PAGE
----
The European Commission has launched a public consultation on the way to bring the EU into compliance with the access to justice provisions of the Aarhus Convention.
The European Commission has decided to carry out an inception impact assessment to fulfil the commitment it made at the Meeting of the Parties of the Convention (MOP) last September “to explore ways and means to comply with the Aarhus Convention”.
In accordance with the Better Regulation procedure, a consultation is organised to gather the public’s views on the matter. This is the first outcome of the decision of the Aarhus Convention Compliance Committee finding the EU in violation of the Convention for not providing access to members of the public to the Court of Justice of the EU in environmental matters.
We welcome the fact that the Commission finally acts and acknowledges the Committee’s decision. This is indeed already an achievement in itself knowing that the Commission has been so strongly opposed to the finding of the Aarhus Committee and to adopting any measures to implement the necessary changes to ensure members of the public have access to justice at EU institutional level. The Commission did not hesitate to go as far as proposing to reject the finding of the Committee at the last MOP, setting a disastrous precedent.
However, carrying out a study falls short of what is needed to bring about compliance with the Convention. The decision of the Aarhus Committee is very clear: the Aarhus Regulation, which implements the provisions of the Convention at EU institutional level, is not in line with the Convention. The definition of the acts that can be challenged under the Regulation is far too narrow and prevents NGOs and other members of the public from challenging most of the decisions adopted by EU institutions in environmental matters.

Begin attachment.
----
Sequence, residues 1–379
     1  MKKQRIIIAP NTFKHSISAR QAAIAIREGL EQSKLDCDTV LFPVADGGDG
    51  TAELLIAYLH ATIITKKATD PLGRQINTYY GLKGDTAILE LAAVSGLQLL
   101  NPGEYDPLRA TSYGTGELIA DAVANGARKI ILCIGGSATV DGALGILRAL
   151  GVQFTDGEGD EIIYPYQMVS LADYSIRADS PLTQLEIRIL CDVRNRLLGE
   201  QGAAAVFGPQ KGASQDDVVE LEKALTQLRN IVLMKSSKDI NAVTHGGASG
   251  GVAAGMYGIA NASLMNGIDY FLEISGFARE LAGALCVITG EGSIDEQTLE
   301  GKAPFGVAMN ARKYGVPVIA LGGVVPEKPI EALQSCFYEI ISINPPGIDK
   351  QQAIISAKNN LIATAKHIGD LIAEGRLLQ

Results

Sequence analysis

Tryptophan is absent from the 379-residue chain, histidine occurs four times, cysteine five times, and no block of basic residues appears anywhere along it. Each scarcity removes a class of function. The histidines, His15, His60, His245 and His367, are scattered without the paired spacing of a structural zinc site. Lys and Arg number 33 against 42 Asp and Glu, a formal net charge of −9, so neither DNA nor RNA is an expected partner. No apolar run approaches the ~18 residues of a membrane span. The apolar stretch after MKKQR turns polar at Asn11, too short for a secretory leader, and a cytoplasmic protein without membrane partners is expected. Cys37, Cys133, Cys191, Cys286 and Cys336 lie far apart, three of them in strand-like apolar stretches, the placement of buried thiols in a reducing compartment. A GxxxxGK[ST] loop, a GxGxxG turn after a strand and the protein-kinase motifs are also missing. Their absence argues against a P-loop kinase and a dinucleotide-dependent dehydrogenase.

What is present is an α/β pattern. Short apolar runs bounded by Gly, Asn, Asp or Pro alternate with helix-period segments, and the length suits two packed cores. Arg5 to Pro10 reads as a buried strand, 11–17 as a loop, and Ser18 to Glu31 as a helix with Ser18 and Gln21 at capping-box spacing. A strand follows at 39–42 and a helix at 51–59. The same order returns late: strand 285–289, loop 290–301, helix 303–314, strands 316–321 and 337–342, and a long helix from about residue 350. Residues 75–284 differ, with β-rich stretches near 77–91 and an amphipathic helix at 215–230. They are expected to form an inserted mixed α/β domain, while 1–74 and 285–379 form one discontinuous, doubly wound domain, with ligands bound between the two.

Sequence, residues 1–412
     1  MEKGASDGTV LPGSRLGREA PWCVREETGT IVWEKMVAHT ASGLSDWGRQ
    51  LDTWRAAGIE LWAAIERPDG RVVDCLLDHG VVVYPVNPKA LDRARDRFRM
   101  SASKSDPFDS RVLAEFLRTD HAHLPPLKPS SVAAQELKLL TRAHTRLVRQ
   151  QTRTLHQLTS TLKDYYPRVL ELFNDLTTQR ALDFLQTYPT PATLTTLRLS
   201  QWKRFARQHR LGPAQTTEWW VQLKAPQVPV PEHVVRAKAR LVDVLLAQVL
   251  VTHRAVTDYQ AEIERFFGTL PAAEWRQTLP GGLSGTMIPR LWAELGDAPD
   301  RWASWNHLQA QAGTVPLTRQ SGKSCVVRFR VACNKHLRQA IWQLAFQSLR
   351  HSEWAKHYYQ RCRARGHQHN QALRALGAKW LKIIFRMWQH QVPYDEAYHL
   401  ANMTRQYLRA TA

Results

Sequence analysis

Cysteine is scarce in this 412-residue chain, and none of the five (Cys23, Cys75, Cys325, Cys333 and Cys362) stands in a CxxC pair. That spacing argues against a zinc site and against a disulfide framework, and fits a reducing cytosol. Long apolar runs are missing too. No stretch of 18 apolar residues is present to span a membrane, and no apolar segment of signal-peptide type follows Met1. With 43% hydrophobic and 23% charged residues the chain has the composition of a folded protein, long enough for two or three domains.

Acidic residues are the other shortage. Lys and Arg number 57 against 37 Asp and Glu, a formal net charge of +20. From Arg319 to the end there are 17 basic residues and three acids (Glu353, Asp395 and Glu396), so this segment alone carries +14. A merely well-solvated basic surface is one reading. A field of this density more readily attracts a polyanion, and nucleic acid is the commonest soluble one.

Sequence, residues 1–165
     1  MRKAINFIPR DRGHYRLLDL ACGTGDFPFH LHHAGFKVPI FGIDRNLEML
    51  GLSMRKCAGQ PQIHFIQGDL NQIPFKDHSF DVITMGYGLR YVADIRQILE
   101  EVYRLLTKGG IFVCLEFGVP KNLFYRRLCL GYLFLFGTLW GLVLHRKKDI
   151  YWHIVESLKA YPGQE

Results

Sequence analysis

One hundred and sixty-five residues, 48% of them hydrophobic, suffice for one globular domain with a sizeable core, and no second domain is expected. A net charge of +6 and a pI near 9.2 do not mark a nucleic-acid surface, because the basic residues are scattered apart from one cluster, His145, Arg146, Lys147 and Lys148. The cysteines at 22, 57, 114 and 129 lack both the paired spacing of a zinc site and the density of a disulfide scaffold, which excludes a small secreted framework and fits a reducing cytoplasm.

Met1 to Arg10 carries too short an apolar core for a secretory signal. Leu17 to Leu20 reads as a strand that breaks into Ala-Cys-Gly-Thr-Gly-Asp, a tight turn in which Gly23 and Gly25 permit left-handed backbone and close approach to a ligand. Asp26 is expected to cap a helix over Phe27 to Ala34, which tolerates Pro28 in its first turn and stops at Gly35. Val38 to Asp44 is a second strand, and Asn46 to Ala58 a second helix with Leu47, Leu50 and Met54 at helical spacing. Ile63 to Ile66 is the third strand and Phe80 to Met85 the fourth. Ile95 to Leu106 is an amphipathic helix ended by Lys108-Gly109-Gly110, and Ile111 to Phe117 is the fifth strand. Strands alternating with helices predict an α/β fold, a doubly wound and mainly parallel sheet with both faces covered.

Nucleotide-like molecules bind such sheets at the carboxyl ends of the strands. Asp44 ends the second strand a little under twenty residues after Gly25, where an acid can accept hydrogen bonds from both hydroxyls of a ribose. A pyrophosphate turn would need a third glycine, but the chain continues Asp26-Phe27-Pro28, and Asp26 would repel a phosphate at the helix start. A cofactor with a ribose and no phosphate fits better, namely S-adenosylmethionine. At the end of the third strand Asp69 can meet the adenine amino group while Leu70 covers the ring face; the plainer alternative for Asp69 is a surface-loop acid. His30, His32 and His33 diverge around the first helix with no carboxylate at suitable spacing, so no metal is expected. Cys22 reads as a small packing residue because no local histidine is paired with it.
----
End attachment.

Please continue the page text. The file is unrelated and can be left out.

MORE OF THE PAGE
While the industry has legal standing to challenge decisions to defend their economic and financial interests, the public interests, environmental protection and public health, are left unrepresented before the EU Courts. The only measure the Commission may adopt to address this lack of compliance is a legislative proposal to amend the Aarhus Regulation. That is also what the Aarhus Committee recommends. Carrying out a study therefore seems to be another trick used by the Commission to delay action and postpone the revision of the regulation.
This stresses the fact that we need more than ever the Council to use Article 241 TFEU and request the Commission to adopt such a legislative proposal. The Council should adopt its decision on the content of the request in the coming week.
This summer will mark the 20th anniversary of the Convention with the EU in breach of its provisions and dragging its feet to come forward with solutions to implement the recommendations of the Aarhus Committee.
Meanwhile we can only encourage the legal and NGO community to participate in the consultation and send their input to the Commission on how to bring about compliance.
The deadline is set for 5 June 2018.